Propagation News – 12 April 2015

| April 10, 2015

Last week we said that the sun was virtually clear, but spots have a habit of popping up from nowhere. This is exactly what did happen, pushing the solar flux index to a high of 126. Geomagnetic conditions were relatively settled, helping to improve HF propagation. This high declined as the week went on and was down to 106 at the time of writing. So once again the western edge of the sun is looking blank.

This week NOAA has its solar flux index prediction at around 135 with geomagnetic conditions remaining settled for the first half of the week an A index of only five. Conditions may deteriorate later in the week with the A index increasing to 20 on the 16th. There remains a chance of moderate flares and radio blackouts.

The optimum working frequency on paths from the UK to South Africa will be 28MHz, with a reliability of around 90% from noon to late afternoon. Ten metres may also open to Brazil with a reliability of about 75%, although 24MHz may be better.

Sixty metres, or 5MHz, and forty metres, or 7MHz, remain the bands of choice for HF contacts around the UK, with 80m, or 3.5MHz, taking over after sunset.

Last week’s tropo lift provided some activity on the VHF and UHF bands. These openings are not that frequent, but this time of year can be useful as large areas of sea fog around the coasts provide ideal ‘tropo bridges’ into the Continent.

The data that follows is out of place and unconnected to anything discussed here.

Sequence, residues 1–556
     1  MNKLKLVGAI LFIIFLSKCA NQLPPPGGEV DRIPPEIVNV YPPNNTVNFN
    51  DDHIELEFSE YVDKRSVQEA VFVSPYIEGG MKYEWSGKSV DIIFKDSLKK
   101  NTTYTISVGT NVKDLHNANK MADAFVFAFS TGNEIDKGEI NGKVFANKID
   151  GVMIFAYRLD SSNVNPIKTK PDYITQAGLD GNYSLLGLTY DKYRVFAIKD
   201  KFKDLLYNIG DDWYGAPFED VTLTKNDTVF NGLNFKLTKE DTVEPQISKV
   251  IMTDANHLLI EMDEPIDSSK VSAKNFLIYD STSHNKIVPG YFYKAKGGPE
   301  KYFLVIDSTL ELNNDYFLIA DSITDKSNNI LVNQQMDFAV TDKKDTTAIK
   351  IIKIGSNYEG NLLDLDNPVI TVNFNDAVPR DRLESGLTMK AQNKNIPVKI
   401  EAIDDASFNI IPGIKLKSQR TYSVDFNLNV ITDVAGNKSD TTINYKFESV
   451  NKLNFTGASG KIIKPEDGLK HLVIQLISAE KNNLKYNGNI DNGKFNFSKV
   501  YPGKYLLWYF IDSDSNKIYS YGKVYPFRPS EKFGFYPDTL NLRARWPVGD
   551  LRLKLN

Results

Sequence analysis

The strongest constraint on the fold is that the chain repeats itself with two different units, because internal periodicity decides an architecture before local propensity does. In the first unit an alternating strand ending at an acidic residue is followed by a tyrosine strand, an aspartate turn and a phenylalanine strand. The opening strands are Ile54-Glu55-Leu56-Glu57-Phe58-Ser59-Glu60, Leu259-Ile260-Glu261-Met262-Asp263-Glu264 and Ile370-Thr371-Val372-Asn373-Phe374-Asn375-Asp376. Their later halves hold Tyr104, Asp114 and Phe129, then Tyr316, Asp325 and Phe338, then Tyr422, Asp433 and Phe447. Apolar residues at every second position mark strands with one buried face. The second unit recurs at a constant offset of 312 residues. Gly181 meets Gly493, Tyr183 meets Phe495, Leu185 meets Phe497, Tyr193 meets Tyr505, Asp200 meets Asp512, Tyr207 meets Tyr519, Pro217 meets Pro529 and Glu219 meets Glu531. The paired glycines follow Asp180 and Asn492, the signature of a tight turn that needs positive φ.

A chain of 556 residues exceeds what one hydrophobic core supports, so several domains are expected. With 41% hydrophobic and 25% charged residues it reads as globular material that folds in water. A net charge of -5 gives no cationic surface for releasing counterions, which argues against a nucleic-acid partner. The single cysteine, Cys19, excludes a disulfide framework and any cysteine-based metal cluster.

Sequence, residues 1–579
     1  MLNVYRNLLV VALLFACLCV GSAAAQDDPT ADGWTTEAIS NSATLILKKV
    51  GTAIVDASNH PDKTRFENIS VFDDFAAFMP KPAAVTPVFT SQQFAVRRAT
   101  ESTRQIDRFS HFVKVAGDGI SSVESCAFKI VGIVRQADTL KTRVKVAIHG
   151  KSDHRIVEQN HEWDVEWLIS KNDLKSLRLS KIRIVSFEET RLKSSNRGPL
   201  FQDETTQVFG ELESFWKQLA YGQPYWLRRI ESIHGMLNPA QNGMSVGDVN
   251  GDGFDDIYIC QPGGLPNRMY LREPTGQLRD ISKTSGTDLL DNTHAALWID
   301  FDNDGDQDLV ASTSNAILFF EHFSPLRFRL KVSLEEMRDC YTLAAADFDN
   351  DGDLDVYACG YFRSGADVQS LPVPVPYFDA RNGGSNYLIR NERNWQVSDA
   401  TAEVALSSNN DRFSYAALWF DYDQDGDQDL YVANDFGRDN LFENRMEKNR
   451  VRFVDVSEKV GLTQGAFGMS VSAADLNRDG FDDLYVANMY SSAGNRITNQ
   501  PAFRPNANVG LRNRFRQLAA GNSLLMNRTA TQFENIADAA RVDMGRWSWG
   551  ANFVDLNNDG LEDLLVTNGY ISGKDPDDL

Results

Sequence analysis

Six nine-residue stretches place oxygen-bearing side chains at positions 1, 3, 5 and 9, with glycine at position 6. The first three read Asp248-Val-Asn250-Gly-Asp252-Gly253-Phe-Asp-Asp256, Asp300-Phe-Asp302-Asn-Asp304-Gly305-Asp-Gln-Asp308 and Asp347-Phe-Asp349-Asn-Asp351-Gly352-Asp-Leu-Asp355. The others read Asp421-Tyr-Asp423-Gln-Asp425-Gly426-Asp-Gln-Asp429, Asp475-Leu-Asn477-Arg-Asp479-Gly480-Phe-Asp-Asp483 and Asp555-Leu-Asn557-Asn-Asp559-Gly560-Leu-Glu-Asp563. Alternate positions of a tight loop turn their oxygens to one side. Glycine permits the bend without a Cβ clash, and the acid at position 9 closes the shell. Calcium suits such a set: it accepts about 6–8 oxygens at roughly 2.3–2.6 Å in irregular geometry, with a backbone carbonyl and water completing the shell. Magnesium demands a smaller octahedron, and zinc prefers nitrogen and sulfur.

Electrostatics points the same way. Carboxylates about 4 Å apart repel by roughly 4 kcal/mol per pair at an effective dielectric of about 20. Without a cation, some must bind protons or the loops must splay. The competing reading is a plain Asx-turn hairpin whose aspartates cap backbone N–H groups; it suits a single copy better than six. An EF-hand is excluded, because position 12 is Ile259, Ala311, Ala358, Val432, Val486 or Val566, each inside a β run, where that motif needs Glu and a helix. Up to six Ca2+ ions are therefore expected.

After a couple of cold fronts over this weekend disrupt the lift, the coming week will see a return of high pressure in the south, but there are signs of this one being shorter duration and less developed, so take advantage when you can.

The countdown to the Sporadic-E season is under way and it is well worth checking 10m for beacon activity and then 6m, typically from mid April. Remember late morning and late afternoon are the two peak times in the day for Es.

Moon declination will increase during the week, which will increase available moon time for EME. Degradation will decrease as the moon waxes and also moves closer to the Earth at perigee.

The Lyrids meteor shower peaks on the 23rd. From Thursday expect the meteor count to slowly start rising.

And that’s all this week from the propagation team.

Category: GB2RS Propagation News